Public Gem in the Private Backcountry
“Had the scenery not been so spectacular, I’d have kept my eyes glued to the ground, for there were tracks everywhere in the shallow snow and thawing ground…”
As we walked in fresh snow toward Sonora’s highest point, Sierra del Flores (over 8,000’), the park rangers noted that the big tracks to our left, melting out but still discernible, were “weyas des ojos” – bear tracks, in snow, in mid-winter, in Las Islas de Azul, the Sky Islands. I was impressed. Being from a home region where bears seldom step out of their dens between December and March, I was quite excited by the bowl-sized prints, so we back-tracked the bear up to around 7,000 feet elevation, in oak-pine forest. Nearly as enticing were the turkey, rabbit, fox, deer, ringtail, coati, bobcat, and puma tracks we saw that day, assuring us that though the Madrean Archipelago woods seem quiet in winter, the animals are still there and active ( though bears do go into semi-hibernation for much for the winer in their mountainous habitats in Mexico — mom cubs pictured sleeping left.)
Northern Sonora’s biggest block of protected public land, the Ajos Bavispe Reserve, is also one of its wildest places. Here biologists and park rangers have seen or photographed all of the above species plus two male jaguars in recent years and ocelots. The black bear in Mexico is considered a priority species, imperiled in much of its native range, but in the Ajos Mountains it appears to be thriving, as do almost all native species except the Mexican wolf, Lobo.
Mario Cirett of the government land protection agency, CONANP, and his team of rangers keep watchful eyes on this complex reserve. Ajos Bavispe Reserve is complex not just for its amazing biological richness – encompassing Chihuahuan grasslands, Sonoran Desert, Madrean oak-pine forest, hardwood riparian forest, and up high mixed conifer/hardwood forest (including one of the southern-most outposts for douglas firs). It is complex also for being a mix of public lands in several different units and surrounding private lands, on which CONANP works with landowners to favor wildlife-friendly practices. Its protection is complex in that it faces challenges from cows, drugs, and the wall.
Rangers Rosy, Fernando, and Manuel took me on a jarring but incredibly scenic tour of the Ajos unit of the reserve, partly by pick-up truck on the roughest road I’ve ever seen driven, partly by hiking. The truck seemed more hindrance than help to me (we could have walked faster!), but the rangers periodically patrol by vehicle, and biologists use the few rough roads for access to their research sites. Ridinghotgun in the truck, my job was to jump out every time we came to a tree across or boulder in the road, and move it out of the way.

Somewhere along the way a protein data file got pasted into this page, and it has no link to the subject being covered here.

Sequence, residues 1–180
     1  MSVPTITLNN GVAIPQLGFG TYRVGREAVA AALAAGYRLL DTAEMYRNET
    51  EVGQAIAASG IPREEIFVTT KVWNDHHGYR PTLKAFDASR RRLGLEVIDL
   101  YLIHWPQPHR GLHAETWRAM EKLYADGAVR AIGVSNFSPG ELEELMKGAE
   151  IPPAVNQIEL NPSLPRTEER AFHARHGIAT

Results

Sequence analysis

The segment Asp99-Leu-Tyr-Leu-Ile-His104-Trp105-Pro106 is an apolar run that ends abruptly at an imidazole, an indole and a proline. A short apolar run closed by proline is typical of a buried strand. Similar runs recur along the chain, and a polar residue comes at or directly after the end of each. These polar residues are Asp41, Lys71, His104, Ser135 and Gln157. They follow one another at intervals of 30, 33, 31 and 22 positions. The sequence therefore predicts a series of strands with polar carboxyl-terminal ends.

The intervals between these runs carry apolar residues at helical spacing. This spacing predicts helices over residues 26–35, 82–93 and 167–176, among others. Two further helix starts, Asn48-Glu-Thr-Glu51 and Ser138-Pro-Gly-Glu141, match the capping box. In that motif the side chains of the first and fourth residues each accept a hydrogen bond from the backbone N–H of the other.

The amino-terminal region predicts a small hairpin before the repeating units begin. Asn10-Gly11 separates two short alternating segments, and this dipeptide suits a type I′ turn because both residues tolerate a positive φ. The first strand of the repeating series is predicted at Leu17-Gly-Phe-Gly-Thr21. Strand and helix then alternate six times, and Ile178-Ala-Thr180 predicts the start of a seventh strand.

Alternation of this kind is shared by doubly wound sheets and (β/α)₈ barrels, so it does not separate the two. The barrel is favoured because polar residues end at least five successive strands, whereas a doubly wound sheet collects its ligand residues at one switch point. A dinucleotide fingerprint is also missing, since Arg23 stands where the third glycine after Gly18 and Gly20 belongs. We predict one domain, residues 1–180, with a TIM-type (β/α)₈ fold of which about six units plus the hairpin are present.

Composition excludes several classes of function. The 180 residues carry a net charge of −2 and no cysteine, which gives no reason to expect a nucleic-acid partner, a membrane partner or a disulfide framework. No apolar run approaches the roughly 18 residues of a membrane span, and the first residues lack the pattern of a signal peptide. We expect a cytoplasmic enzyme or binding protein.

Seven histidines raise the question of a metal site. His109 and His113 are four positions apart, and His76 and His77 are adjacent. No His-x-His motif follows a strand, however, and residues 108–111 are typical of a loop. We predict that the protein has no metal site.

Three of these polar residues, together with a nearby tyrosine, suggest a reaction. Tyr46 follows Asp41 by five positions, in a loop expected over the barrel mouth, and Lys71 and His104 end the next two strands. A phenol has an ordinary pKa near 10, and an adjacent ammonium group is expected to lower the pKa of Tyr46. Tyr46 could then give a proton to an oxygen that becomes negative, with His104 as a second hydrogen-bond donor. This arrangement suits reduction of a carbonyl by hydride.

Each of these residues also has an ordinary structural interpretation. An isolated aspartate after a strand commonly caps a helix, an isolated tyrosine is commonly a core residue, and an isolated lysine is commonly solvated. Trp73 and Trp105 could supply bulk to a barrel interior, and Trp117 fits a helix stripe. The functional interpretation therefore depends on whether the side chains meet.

We all felt relieved to reach our starting point for a delightful meander through oak-pine, aspen, and fir forests near the summits of Sierra del Flores and Pallone. Had the scenery not been so spectacular, I’d have kept my eyes glued to the ground, for there were tracks everywhere in the shallow snow and thawing ground.
Back at camp, the rangers shared stories of their adventures in guarding this biological gem. In drug-running country, you don’t name names, I’m realizing, lest you put good people in danger. Suffice to say here, the rangers have learned the hard way: they must focus on protecting the wildlife, and leave the war on drugs, whatever its merits or demerits (I demerits) to others. In the larger landscape, overgrazing by cattle is perhaps the biggest threat to biological diversity; but in close second and gaining rapidly is the dreaded wall – the border fence cutting wildlife in Mexico off from wildlife in the United States. When I asked these brave and fiercely dedicated park rangers what people of the US might do to help conserve wildlife of the Madrean Archipelago, they said: protect your side of our shared region, and get rid of that crazy wall.
For the Wild,
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